THE NATURE CONSERVANCY – SAN FRANCISCO HEADQUARTERS
Saving hundreds of thousands in operational expenditures for the world’s largest conservation organization.
Completed 2014 | San Francisco, CA
Beginning in 2007, The Nature Conservancy (TNC), the world’s largest conservation organization, has engaged MKThink for a wide variety of projects. Stemming from a long-needed reorganization of the company, TNC transitioned from strictly a land conservation outfit to one that also advocates for environmental policy reform and environmental education. Working with TNC from a design perspective, MKThink worked with the organization to develop an overall strategy to deploy their physical assets in support all three visions simultaneously. Engaging a wide range of stakeholders, from donors to management to researchers in the field, our team helped TNC minimize a duplication of operational expenditures by reorganizing the way regional and field offices operate independently and in relation with one another.
In 2014, MKThink completed a new office space for The Nature Conservancy (TNC). Located in San Francisco’s Financial District, TNC was looking to revamp a dated, cramped, and underutilized office environment with an eye toward enhancing their company culture and physically representing their mission of conservation and appreciation for nature.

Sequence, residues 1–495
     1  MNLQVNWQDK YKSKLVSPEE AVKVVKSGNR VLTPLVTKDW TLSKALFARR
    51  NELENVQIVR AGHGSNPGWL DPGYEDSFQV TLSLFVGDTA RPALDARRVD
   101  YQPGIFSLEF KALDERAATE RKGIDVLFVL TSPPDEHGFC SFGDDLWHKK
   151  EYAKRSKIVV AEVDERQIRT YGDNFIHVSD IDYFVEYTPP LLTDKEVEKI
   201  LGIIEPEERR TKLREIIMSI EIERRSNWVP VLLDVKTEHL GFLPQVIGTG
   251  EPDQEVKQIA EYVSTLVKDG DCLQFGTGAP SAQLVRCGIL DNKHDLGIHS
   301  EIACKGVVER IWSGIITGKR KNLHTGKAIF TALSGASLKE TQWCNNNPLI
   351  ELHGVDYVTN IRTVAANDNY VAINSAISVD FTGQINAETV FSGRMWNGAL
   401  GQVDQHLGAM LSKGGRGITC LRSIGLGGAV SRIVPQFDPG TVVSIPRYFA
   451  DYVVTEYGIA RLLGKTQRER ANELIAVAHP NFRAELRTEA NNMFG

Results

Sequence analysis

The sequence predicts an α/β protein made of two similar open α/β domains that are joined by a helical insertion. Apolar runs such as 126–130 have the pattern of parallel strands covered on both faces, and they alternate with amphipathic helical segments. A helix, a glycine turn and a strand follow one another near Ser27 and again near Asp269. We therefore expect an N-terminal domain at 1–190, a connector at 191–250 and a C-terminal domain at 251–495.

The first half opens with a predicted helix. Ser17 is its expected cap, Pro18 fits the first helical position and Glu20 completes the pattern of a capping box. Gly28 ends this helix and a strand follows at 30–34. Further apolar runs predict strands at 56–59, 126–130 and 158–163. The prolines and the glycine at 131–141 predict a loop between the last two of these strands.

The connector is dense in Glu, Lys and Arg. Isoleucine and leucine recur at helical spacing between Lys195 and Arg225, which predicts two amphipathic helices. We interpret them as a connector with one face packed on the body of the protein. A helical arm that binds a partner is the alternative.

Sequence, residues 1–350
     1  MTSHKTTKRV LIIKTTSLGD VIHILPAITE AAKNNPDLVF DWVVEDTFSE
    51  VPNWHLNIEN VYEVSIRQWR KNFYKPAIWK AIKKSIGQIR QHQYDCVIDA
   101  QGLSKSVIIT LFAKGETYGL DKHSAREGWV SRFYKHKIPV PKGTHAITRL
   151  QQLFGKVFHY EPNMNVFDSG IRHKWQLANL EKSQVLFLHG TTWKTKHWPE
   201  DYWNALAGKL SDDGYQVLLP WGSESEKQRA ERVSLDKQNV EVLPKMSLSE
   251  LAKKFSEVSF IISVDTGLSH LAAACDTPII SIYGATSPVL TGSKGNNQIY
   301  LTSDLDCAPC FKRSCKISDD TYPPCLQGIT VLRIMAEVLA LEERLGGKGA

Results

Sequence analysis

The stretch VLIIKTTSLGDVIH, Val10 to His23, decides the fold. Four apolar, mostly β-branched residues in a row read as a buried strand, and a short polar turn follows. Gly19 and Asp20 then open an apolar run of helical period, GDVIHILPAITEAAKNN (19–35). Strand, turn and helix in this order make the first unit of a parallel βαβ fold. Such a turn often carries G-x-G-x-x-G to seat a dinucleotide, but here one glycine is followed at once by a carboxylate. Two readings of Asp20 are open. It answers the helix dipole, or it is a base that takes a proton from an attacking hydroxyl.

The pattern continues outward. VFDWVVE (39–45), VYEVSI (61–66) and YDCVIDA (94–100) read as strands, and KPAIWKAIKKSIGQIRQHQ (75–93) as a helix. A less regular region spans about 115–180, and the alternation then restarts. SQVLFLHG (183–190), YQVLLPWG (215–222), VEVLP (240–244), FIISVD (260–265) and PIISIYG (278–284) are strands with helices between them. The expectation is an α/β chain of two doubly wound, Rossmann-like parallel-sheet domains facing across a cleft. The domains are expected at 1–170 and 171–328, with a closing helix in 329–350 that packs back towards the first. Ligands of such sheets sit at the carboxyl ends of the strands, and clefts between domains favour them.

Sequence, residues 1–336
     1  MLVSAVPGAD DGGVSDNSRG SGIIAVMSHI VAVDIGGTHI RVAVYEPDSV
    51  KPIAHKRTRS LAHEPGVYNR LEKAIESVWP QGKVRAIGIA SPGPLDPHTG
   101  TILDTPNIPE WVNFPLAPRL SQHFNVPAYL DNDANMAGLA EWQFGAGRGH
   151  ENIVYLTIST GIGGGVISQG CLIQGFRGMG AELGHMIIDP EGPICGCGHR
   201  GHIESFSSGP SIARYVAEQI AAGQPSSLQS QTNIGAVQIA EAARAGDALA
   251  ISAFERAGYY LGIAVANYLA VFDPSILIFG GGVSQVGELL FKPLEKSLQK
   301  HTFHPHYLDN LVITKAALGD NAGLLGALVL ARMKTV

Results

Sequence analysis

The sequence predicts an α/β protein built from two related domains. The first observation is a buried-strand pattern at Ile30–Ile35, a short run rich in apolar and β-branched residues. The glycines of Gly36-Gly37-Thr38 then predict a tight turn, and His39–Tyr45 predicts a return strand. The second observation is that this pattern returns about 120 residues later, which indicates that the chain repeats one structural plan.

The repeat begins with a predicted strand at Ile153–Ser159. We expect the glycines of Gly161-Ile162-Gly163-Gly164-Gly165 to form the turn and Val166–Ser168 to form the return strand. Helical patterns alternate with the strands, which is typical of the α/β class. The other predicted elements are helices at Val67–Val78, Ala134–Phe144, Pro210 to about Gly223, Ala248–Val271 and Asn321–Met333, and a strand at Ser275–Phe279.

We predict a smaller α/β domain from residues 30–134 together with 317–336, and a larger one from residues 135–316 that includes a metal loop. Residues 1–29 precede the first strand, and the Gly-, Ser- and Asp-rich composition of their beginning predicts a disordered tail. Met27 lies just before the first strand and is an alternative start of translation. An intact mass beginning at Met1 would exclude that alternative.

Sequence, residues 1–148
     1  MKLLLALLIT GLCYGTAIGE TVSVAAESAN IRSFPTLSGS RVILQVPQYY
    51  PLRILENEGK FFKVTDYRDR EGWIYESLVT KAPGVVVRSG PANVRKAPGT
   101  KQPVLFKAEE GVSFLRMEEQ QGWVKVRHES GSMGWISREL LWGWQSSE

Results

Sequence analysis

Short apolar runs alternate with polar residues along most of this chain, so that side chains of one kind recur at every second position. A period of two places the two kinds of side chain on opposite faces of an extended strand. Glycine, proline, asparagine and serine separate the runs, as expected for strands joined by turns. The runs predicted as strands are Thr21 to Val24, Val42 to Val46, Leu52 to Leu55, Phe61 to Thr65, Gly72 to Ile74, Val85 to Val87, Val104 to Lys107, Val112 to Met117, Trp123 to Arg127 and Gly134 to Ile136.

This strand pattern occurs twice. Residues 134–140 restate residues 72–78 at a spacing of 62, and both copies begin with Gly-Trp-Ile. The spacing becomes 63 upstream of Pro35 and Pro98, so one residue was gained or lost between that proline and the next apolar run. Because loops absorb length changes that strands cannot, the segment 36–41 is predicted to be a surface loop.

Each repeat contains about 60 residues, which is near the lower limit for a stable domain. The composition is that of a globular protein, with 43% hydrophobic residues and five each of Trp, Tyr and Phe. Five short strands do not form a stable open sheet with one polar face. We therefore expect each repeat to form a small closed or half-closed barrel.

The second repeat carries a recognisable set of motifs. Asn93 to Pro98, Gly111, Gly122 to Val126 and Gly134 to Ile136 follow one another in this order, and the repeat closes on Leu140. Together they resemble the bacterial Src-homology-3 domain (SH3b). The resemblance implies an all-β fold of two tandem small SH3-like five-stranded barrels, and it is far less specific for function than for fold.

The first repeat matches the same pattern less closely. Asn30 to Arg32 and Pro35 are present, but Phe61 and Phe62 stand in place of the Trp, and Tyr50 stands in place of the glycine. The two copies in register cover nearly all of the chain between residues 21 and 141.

Previously spread across one and a half floors, MKThink began the project by undertaking a utilization and occupancy analysis to better understand how the space functioned on a daily basis. Through in-person ethnographic observation, and by studying aggregate data from unique carded door entries, our team ascertained that even at peak times, only 80% of the offices’ 107 desk spaces were in use. Widespread telecommuting and the closed-off nature of private offices discouraged interaction between employees and inhibited views to the outside.
As a result of this quantitative and qualitative analysis, MKThink proposed a radical cultural shift. What if, instead of fixed, assigned office spaces, TNC adopted a ‘hoteling’ protocol by which employees could reserve desk space day-to-day? In flattening the hierarchy of the workstations and eliminating private offices, the space was reorganized to encourage more efficient overall utilization. With enhanced linear circulation, the space was rezoned into five discrete areas based on sound level (from noisy to whisper quiet). To mirror this rezoning, a color palette derived from the very ecosystems and environments that TNC serves was applied throughout to visually differentiate the floor plate’s discrete work environments. Now, employees individually reserve a desk in one of the five zones on a daily or weekly basis. A personal rolling file cabinet to store belongings and paperwork can be easily taken with them to their desk and docked in a central location when not in use.
The engagement process also revealed that TNC employees lacked space for private conversation and for collaboration amongst teams; the design team thus outfitted each zone with a series of spaces for collaboration ranging from small workstations for 1-2 employees, to larger, 8 person tiered teleconferencing spaces for collaboration amongst offices across the region/state/country, to more traditional board rooms for groups of 20. A variety of furniture was specified, ranging from standing desks to tiered seating for enhanced teleconferencing sessions. Using local and sustainable materials, including a reclaimed old-growth redwood, were used to create custom features including a full-height planter wall, a topographic ceiling installation, reclaimed wood benches and counters, and a 100% wool reception Desk.